Provided by: manpages-pt-dev_20040726-4_all NAME

rand, srand - random number generator.

SYNOPSIS

#include <stdlib.h>

int rand(void);

void srand(unsigned int seed);

DESCRIPTION

The rand() function returns a pseudo-random integer between 0 and RAND_MAX.

The  srand()  function  sets  its argument as the seed for a new sequence of pseudo-random
integers to be returned by rand().  These sequences are repeatable by calling srand() with
the same seed value.

If  no seed value is provided, the rand() function is automatically seeded with a value of
1.

RETURNVALUE

The rand() function returns a value between 0 and RAND_MAX.  The srand() returns no value.

NOTES

The versions of rand() and srand() in the Linux C  Library  use  the  same  random  number
generator  as  random()  and srandom(), so the lower-order bits should be as random as the
higher-order bits.  However, on older rand() implementations,  the  lower-order  bits  are
much less random than the higher-order bits.

In  Numerical  Recipes  in  C: The Art of Scientific Computing (William H. Press, Brian P.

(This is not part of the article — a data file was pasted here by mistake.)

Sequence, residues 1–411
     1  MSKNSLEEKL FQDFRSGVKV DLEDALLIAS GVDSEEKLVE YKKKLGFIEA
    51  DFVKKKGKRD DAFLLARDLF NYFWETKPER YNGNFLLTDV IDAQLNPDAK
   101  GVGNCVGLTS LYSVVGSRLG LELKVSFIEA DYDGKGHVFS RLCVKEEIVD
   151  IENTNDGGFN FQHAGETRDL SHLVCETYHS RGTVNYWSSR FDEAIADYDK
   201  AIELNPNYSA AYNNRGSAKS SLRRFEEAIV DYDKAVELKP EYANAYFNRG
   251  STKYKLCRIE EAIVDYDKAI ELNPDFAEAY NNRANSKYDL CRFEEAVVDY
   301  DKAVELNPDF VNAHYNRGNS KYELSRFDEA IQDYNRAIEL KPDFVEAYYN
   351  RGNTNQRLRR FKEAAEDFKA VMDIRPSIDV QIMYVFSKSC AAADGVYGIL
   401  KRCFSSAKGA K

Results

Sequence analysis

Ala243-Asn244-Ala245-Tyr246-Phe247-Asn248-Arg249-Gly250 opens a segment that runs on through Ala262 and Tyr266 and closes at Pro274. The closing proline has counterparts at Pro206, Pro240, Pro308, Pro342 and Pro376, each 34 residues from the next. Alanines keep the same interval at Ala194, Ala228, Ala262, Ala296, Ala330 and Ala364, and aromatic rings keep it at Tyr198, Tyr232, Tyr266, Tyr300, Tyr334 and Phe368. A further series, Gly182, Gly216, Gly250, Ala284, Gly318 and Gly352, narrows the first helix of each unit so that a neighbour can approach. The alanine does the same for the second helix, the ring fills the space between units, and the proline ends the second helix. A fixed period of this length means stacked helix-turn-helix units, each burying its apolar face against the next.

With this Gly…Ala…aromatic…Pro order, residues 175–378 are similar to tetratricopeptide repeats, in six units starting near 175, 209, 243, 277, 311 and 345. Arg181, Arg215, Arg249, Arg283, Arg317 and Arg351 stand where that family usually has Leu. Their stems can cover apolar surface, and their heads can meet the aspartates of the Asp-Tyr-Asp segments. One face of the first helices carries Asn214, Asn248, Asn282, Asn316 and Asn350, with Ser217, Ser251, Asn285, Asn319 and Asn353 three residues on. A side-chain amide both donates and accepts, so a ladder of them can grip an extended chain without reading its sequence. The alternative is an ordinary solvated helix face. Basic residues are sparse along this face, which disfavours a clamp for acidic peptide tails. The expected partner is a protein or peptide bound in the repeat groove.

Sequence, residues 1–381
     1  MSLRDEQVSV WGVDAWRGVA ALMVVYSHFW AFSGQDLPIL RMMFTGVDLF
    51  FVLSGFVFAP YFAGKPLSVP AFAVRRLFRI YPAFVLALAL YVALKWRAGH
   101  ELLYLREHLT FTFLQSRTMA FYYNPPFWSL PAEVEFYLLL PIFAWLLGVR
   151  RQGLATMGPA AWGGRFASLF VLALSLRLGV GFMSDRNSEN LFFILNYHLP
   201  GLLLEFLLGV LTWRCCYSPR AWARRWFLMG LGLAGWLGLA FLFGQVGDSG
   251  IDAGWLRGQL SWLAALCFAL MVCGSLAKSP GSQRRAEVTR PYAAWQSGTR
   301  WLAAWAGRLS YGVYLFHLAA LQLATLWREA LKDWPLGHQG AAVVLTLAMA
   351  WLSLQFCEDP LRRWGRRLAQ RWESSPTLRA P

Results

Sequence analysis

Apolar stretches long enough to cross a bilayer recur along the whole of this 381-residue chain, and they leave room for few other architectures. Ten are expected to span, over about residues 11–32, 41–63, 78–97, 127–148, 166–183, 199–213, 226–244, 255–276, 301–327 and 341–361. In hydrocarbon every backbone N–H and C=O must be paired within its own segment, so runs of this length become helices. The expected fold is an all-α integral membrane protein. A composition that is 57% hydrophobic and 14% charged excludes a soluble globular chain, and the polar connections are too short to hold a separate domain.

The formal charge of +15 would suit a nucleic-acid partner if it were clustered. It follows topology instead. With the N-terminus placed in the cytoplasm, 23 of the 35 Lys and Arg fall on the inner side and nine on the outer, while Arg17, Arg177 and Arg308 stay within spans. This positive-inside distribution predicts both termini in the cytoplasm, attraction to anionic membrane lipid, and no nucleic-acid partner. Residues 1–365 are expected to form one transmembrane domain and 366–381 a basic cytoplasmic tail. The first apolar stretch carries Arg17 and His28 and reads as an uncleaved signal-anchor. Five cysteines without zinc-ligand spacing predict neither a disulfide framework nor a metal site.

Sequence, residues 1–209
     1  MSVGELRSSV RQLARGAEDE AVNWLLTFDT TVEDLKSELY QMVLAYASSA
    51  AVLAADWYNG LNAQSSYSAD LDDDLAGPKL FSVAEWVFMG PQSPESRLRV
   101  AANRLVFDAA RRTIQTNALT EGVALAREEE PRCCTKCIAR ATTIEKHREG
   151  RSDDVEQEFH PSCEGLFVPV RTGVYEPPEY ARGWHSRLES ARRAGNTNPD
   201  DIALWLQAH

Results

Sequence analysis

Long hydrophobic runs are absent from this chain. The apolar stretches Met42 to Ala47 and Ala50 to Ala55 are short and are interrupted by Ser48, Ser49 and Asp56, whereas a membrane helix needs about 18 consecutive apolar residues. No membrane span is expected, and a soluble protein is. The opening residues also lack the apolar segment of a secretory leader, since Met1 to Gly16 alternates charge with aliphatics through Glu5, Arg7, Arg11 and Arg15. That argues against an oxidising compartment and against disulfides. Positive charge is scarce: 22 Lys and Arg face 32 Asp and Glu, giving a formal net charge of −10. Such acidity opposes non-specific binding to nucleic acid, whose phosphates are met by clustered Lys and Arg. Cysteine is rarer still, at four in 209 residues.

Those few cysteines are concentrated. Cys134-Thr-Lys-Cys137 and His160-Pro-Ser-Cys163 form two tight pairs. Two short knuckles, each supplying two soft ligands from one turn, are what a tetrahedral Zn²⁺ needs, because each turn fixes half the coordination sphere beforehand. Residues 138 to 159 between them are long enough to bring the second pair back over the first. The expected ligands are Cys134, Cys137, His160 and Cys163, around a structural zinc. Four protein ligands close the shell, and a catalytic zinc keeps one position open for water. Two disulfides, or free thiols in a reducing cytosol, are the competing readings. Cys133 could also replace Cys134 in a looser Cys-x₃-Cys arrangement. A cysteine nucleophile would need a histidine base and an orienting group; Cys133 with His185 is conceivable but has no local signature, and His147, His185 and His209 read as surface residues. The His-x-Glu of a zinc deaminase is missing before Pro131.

Flannery, Saul A. Teukolsky, William T. Vetterling; New York: Cambridge University  Press,
"If you want to generate a random integer between 1 and 10, you should always do it
by using high-order bits, as in

j=1+(int) (10.0*rand()/(RAND_MAX+1.0));

and never by anything resembling

j=1+(rand() % 10);

(which uses lower-order bits)."

Random-number generation is a complex  topic.   The  Numerical  Recipes  in  C  book  (see
reference  above)  provides  an excellent discussion of practical random-number generation
issues in Chapter 7 (Random Numbers).

For a more theoretical discussion which also covers many practical issues in depth, please
see  Chapter  3  (Random  Numbers)  in  Donald E. Knuth's The Art of Computer Programming,